Most Manitobans would consider Jonathon Toews and the Chicago Blackhawks the crowning cultural exchange between the windy cities. But many are also aware that Winnipeg has often been referred to as the Chicago of the North. To understand why, we need to look back more than 100 years.
Both cities were rapidly expanding prairie metropolises built as much on optimism and corruption as a real economy. Their economies were both based on real estate, transportation hubs and warehousing sites for the growing populations of the rural west. Chicago did grow much larger and earlier than Winnipeg, but our fair city expected to do the same thing, just a bit later. Our fantastic Legislative Building, the Shoal Lake aqueduct, and an architectural building boom all held out the promise of bigger and better (but mostly bigger) things to come. Huge numbers of immigrants flooded the city.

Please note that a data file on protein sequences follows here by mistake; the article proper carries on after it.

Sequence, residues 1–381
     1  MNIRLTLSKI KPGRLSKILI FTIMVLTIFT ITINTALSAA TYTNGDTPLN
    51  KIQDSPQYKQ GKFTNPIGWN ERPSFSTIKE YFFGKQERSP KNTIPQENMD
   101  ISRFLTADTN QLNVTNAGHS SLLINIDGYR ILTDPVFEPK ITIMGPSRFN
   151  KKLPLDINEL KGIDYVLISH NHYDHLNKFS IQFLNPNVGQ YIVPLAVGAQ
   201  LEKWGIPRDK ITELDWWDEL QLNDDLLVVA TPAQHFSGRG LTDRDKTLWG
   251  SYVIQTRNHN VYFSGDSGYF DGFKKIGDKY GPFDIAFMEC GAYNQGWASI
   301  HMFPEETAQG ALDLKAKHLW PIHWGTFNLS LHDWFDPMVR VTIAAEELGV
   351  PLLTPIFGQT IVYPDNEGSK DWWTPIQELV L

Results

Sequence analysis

That was over 5 generations ago, almost too remote to recall, and Winnipeg has since the mid-1910s meandered down its own path.
On a recent trip to Chicago I was faced with concrete reminders of that early boom period in many ways, mostly in the form of historic architecture. Architect John Danley Atchison worked in Winnipeg from 1905-1923, and he was responsible for a number of buildings that still stand in Winnipeg. An American educated at the newly founded Chicago Institute of Art in the early 1890s, Atchison was a student of some of the key figures in the so-called “Chicago School of Architecture”, and worked in the famous firm of Jenney and Mundie before coming to Winnipeg. On a walking tour of the early skyscrapers of Chicago, I noticed a number of parallels between that
work and Atchison’s buildings in Winnipeg.